Spherical doublet lenses have been corrected for various aberrations. One way of displaying the theoretical level of correction is through plots of wavefront error and ray traces to determine spot size. For example, in Figure 2, a plot of wavefront at the image plane reveals information regarding aberration correction by using the AC254-200-B. In this example, the wavefront error is theoretically on the order of 3/100 of a wave. This indicates that the optical path length difference (OPD) is extremely small for arrays going through the center of the lens and at nearly full aperture.
A ray trace for spot size at the image plane of the AC254-200-B is shown below in Figure 3. In this near IR achromatic doublet, the design wavelengths (706.5 nm, 855 nm and 1015 nm) have each been traced through the lens and are represented by different colors. The circle surrounding the distribution of ray intercepts represents the diameter of the Airy disk. If the spot is within the Airy disk, the lens is typically considered to be diffraction limited. Since the spot size is drawn using geometric ray tracing, spots much smaller than the Airy disk are not achievable due to diffraction.
Figure 2 Figure 3
Understanding Modulation Transfer Function, MTF
MTF image quality is an important characteristic of lenses. A common way to measure this is by using contrast. A plot of the modulation transfer function is used as both a theoretical and experimental description of image quality. The MTF of a lens describes its ability to transfer contrast from an object to an image at various resolution levels. Typically, a resolution target made up of black and white lines at various spacings is imaged and contrast can be measured. Contrast at 100% would consist of perfectly black and white lines. As the contrast diminishes, the distinction between lines begins to blur. A plot of MTF shows the percentage of contrast as the spacing between these lines decreases. The spacing between the lines at the object is usually represented as spatial frequency given in cycles/mm.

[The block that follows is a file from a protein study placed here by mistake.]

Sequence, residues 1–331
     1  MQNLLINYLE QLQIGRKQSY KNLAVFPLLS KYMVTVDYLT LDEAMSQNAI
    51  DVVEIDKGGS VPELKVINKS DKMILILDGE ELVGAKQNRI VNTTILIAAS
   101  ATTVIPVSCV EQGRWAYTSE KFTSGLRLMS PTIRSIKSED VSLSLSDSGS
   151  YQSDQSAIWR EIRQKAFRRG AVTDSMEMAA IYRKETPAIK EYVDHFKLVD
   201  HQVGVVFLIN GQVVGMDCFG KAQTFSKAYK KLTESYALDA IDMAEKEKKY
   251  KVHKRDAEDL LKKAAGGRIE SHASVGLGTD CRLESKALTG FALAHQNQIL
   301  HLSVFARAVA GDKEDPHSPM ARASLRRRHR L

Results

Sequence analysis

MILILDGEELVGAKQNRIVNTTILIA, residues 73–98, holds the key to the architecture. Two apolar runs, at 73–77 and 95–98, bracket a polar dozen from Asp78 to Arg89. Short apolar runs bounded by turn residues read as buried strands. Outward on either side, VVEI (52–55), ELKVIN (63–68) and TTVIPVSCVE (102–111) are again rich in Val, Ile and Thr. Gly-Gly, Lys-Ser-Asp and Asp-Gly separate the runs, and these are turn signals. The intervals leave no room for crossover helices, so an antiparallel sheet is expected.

Click to Enlarge
The chart shows the theoretical MTF for our Ø25.4 mm, f=200 mm near IR achromatic doublet. The contrast is around 80% at a spatial frequency of about 20 cycles/mm. This represents 80% contrast at 0.05 mm spacings between lines. Theoretical MTF shows how well a design can perform if the optic was built exactly to the design dimensions. In reality, most optics fall short of the theoretical due to manufacturing tolerances.
The screen captures to the right and left are actual measurements taken using a USAF 1951 resolution chart as the object.
For the target selected, the contrast measured 82.3%.
Achromatic Doublet Lenses have far superior optical performance to Singlet Lenses. Whether your application has demanding imaging requirements or laser beam manipulation needs, these doublets should be considered.
Achieve a Tighter Focus
The figures below show a comparison of a plano-convex singlet focusing a 633 nm laser beam and an achromatic doublet focusing the same laser beam. The spot (circle of least confusion) from the doublet is 4.2 times smaller than the singlet spot size.
Superior Off Axis Performance
Achromatic Doublet lenses have a much reduced sensitivity to centration of the lenses on the beam axis.
The figures below show two 50.0 mm focal length lenses, one plano-convex and the other an achromatic doublet. Both are Ø25.4 mm lenses with a Ø3 mm beam through the optical axis and one offset by 8.0 mm. Lateral and transverse aberrations are greatly reduced by the achromatic doublet.
Nearly Constant Focal Length Across a Wide Range of Wavelengths